And before you Westerncentric folk get on the Muslim bashing track again, let me make it clear that no one stands behind the backs of these women with AK47s encouraging them to make the eatables. It just doesn’t happen like that. Don’t believe everything you see or hear in the media.
But there is an almost invisible force driving Muslim women, and it is profoundly recognisable in South Africa, to make sure that their freezers are well stocked weeks before the beginning of the Muslim holy month of Ramadhaan. Try listening on a conversation between two Muslim women as the holy month arrives. I’m almost certain you will hear interspersed somewhere in the chatter, “Im done with my pies. 20 dozen rolled filled and packed. I’ve just got my samoosas, moons and patterias to make.”
Every year as Rajab, the seventh month of the Islamic lunar calendar draws to a close and the crescent of Shabaan appears, women in most South African Muslim homes enter a hyper-drive rolling pastries, crumbing the perfect cutlets and folding precisely sized samoosas with an ever increasing list of exotic fillings.
This year’s highlight, if you haven’t heard about it already, is the ‘pizza samoosa’. A drie-hoekie-koekie with a variety of ingredients that can usually be found spread across the face of a pizza. Culinary innovation I know, but at what cost to family, spiritual and societal life.
Simply existing in 2012 is already fraught with enormous stresses. From the upbringing of the kids, cooking the daily meals, doing the homework, finishing the household chores, looking after hubbies needs, being a confidante to friends and a dartboard to mother-in-law, women still need to find time to open their own savoury factory in the days leading up to the month of Ramadhaan in order to satiate the appetite of their families for a period of 30 days.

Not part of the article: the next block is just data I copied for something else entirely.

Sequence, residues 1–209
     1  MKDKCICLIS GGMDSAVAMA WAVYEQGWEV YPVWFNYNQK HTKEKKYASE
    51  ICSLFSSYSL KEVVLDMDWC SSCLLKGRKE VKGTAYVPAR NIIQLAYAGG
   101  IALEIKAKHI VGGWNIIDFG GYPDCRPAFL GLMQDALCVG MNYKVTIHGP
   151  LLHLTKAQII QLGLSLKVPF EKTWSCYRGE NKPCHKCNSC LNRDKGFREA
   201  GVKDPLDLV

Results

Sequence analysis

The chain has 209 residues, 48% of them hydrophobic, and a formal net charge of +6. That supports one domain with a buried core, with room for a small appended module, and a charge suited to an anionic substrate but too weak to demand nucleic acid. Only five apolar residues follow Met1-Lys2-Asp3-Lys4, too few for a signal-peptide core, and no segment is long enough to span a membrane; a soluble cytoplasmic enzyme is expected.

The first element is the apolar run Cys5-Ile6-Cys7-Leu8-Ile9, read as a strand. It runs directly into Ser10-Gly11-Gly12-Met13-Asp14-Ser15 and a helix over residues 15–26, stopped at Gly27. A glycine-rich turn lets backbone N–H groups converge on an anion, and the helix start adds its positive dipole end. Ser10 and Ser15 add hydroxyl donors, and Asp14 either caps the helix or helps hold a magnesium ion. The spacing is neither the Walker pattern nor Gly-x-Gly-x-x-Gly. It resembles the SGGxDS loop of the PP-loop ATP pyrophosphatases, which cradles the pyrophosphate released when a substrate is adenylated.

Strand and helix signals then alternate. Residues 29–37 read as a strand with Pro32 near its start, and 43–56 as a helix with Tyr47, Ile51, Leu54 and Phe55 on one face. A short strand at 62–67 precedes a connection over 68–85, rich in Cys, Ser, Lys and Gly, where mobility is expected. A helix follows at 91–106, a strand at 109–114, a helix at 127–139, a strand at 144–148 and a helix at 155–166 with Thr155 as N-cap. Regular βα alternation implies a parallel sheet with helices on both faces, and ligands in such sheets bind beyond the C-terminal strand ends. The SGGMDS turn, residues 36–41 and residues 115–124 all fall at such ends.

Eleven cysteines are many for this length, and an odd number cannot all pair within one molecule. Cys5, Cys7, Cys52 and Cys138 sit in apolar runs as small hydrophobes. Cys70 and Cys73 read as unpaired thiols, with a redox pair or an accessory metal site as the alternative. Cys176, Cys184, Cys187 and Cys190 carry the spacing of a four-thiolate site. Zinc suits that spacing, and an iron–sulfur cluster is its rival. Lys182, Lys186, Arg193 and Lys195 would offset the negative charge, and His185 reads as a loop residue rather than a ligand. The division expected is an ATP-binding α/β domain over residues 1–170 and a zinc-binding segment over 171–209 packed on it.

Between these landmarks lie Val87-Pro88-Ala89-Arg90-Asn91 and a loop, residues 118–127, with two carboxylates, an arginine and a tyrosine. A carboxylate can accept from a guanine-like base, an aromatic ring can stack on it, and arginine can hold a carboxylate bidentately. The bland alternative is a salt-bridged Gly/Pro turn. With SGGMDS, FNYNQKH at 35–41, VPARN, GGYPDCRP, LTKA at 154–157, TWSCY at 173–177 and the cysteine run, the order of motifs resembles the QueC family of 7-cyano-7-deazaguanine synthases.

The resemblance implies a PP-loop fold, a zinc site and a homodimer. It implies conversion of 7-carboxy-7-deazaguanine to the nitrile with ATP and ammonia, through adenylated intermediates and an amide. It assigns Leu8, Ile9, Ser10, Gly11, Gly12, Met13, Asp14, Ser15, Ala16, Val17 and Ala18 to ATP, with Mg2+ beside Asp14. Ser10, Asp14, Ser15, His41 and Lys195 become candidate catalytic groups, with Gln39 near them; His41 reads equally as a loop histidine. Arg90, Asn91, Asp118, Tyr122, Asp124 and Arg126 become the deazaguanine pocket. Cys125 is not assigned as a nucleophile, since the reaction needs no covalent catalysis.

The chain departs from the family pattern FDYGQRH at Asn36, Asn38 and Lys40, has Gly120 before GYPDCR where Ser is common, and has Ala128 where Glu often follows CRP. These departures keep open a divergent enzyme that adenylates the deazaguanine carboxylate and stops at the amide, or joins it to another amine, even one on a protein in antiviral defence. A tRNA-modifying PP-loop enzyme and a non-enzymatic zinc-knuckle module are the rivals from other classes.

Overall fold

And what about those women who have to get to work on time and deal with professional pressure?
These homes have become fixated with the consumption of savoury delights during the holy month. An outside observer would not be mistaken in assuming that it is part of a religious observance. Fasting South African Muslims seem to able consume samoosa’s like blue whales sifting plankton. “It’s part of the spirit of the month,” argues my colleague, Imraan Ismail. “Ramadhaan wouldn’t be Ramadhaan without savouries.” According to who, I ask. “Which book of hadith did you find that in?”
Let’s be honest – throughout most of the year, those of us who have been lucky enough to be blessed with reasonable income, survive on at least one full meal per day with quick snacks in between. Hardly ever do we sit down to a meal as sumptuous and overflowing as we do during Ramadhaan. Who says after the call to prayer for maghrib is given, we all need to sit and engorge ourselves in a platter of samoosas and pies before heading off to the masjid. In fact many would admit that they eat so much savouries before the actual meal, they can’t partake of the real thing. The orchestra of burping and belching sounds and smells bears testimony to the conquests at the table a few minutes earlier.
Why can’t the fast simply be broken with a date and a few sips of water before the performance of the maghrib salaah? This can then be followed by a meal similar to the one we have throughout the year.
I understand the need to eat after a day of hunger – but by cutting out the savouries, I believe we will simply be removing a lot of pressure and stress from the lives of our womenfolk prior to the month of Ramadhaan.
There is the option of buying the savouries but most people can’t afford that. Financial times and barakah (blessings) are just not what they used to be. Alternatively let’s ask men to make the lot. I can guarantee you one of two things – there wouldn’t be any savouries next year or savoury outlet owners will be listing on the stock exchange.